Chapter II. Work and Sorrow
In the autumn, just after Abraham Lincoln
was eight years old, his
parents left their Kentucky home and moved to Spencer county,
It was not yet a year since Indiana had become a state. Land
bought very cheap, and Mr. Lincoln thought that he could make
living there for his family. He had heard also that game was
in the Indiana woods.
It was not more than seventy or eighty miles from the old
home to the
new. But it seemed very far, indeed, and it was a good many
the travelers reached their journey's end. Over a part of the
was no road, and the movers had to cut a path for themselves
The boy, Abraham, was tall and very strong for his age. He
how to handle an ax, and few men could shoot with a rifle better
he. He was his father's helper in all kinds of work.
It was in November when the family came to the place which
was to be
their future home. Winter was near at hand. There was no house,
shelter of any kind. What would become of the patient, tired
the gentle little sister, who had borne themselves so bravely
long, hard journey?
No sooner had the horses been loosed from the wagon than Abraham
his father were at work with their axes. In a short time they
what they called a "camp."
This camp was but a rude shed, made of poles and thatched
and branches. It was enclosed on three sides, so that the chill
the driving rains from the north and west could not enter.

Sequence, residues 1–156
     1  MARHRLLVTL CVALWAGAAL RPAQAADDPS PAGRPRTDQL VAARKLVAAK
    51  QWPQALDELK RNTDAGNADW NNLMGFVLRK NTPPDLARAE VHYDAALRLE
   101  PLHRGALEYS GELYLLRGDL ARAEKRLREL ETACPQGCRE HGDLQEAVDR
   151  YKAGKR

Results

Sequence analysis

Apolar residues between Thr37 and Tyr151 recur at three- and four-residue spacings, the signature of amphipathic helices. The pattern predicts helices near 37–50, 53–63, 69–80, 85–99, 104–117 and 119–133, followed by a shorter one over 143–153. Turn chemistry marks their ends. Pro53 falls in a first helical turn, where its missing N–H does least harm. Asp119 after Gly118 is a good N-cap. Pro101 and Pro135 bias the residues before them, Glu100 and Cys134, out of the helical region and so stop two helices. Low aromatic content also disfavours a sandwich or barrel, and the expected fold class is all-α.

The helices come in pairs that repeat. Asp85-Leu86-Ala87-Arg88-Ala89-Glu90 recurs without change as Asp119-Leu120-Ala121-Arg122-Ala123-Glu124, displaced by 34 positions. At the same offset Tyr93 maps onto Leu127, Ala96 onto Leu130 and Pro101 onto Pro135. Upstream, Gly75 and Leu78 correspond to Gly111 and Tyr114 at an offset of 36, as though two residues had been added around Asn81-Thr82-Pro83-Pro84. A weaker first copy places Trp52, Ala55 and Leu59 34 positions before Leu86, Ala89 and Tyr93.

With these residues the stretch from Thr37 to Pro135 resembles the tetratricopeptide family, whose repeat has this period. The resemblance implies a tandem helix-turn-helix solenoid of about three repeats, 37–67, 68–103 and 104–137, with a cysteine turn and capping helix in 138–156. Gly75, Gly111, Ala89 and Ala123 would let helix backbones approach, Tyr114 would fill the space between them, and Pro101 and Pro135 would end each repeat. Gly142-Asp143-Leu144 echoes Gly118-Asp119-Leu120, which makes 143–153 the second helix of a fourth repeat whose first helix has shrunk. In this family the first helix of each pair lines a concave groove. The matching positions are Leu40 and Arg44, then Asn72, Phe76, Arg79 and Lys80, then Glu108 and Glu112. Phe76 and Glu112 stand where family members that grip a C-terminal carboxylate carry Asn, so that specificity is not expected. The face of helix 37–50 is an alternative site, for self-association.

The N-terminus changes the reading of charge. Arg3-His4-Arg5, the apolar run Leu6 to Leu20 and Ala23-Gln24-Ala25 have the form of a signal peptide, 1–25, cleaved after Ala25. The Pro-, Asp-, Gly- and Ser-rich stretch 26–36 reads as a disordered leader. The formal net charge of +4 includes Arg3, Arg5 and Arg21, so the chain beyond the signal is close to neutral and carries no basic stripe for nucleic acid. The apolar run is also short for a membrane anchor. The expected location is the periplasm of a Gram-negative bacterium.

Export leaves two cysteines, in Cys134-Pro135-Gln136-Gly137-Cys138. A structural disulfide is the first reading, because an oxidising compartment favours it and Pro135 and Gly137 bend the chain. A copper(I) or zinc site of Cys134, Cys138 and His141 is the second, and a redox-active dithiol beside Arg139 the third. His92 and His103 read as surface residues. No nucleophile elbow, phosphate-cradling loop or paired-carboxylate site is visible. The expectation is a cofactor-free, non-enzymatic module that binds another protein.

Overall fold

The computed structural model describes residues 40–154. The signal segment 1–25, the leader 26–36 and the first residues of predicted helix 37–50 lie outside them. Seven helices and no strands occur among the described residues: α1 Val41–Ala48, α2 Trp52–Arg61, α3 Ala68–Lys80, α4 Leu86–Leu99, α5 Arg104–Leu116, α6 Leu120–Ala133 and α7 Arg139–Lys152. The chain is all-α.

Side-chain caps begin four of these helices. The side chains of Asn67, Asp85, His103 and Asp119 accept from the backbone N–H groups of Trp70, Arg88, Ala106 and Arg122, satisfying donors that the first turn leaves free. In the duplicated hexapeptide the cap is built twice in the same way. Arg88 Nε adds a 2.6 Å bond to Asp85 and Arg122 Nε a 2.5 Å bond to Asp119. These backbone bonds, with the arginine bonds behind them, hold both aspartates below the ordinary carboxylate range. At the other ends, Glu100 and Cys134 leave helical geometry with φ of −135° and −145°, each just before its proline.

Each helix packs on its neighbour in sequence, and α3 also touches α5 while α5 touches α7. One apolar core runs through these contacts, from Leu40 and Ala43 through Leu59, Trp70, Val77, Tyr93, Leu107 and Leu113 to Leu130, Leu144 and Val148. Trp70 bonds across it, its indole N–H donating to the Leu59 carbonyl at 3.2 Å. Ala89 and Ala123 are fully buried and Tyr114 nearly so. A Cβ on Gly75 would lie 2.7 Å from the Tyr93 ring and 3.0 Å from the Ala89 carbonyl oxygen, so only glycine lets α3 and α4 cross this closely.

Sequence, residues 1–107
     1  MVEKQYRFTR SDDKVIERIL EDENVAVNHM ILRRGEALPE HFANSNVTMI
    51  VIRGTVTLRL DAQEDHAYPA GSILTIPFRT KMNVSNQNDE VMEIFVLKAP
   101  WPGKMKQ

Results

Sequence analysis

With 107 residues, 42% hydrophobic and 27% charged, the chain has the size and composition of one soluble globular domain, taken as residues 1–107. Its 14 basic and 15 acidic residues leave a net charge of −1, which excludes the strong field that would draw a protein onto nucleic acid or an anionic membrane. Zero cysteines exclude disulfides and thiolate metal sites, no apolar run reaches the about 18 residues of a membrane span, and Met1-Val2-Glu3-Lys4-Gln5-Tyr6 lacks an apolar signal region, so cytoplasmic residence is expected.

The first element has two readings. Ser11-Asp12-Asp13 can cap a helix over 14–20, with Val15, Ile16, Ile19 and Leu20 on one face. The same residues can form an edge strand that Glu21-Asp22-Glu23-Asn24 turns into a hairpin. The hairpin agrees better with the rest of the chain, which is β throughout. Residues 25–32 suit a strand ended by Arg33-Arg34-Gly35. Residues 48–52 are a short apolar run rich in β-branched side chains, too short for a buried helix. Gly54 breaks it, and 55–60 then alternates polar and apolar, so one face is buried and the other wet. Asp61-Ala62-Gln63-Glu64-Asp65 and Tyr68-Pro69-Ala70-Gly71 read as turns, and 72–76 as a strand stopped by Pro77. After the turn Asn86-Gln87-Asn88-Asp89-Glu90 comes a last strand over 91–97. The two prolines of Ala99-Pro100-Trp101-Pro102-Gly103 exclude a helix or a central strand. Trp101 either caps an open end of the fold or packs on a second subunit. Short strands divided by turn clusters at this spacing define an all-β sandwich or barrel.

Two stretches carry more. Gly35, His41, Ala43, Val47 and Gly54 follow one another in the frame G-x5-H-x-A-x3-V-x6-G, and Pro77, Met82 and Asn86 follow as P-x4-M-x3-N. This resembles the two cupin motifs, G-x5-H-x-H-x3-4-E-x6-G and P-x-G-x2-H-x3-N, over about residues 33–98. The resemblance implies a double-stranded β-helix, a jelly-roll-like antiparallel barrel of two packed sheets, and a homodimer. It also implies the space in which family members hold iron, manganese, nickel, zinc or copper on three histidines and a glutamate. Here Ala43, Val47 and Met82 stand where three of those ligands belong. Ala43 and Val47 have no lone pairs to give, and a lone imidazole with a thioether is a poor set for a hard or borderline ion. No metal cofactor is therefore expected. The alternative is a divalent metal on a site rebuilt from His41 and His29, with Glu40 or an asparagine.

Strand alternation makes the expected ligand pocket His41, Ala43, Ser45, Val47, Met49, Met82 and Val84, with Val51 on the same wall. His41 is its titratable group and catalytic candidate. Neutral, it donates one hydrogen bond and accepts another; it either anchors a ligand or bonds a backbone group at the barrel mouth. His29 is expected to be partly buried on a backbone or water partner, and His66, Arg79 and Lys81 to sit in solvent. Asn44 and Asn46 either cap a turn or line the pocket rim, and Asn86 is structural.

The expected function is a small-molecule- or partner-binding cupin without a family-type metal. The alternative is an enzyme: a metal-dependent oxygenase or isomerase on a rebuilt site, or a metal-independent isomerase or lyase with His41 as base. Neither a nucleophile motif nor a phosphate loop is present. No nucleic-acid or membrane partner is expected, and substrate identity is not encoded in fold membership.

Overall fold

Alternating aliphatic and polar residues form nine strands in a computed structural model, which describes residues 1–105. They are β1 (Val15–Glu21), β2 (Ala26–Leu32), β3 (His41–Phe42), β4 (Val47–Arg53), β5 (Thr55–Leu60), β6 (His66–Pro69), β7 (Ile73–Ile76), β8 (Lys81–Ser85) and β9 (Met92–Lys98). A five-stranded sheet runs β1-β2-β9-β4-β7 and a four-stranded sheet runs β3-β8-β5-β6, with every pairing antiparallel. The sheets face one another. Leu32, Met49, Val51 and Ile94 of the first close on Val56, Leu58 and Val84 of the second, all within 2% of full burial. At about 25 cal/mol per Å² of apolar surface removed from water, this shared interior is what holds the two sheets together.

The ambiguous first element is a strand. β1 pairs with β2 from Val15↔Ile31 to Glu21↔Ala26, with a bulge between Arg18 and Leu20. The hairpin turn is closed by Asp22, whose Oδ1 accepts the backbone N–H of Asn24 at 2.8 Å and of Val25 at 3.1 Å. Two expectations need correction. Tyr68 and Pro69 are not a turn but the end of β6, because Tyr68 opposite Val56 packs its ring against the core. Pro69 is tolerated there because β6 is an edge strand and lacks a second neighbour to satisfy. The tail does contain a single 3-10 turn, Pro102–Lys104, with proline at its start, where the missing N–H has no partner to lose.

side was left open, and in front of it a fire was built.
This fire was kept burning all the time. It warmed the interior
camp. A big iron kettle was hung over it by means of a chain
and in this kettle the fat bacon, the venison, the beans, and
were boiled for the family's dinner and supper. In the hot
good mother baked luscious "corn dodgers," and sometimes,
perhaps, a few
In one end of the camp were the few cooking utensils and little
of furniture which even the poorest house cannot do without.
The rest of
the space was the family sitting-room and bed-room. The floor
covered with leaves, and on these were spread the furry skins
and bears, and other animals.
It was in this camp that the family spent their first winter
How very cold and dreary that winter must have been! Think
of the stormy
nights, of the shrieking wind, of the snow and the sleet and
frost! It is not much wonder if, before the spring months came,
mother's strength began to fail.
But it was a busy winter for Thomas Lincoln. Every day his
ax was heard
in the woods. He was clearing the ground, so that in the spring
be planted with corn and vegetables.
He was hewing logs for his new house; for he had made up his
to have something better than a cabin.
The woods were full of wild animals. It was easy for Abraham
father to kill plenty of game, and thus keep the family supplied
And Abraham, with chopping and hewing and hunting and trapping,
busy for a little boy. He had but little time to play; and,
had no playmates, we cannot know whether he even wanted to
With his mother, he read over and over the Bible stories which
them loved so well. And, during the cold, stormy days, when
he could not
leave the camp, his mother taught him how to write.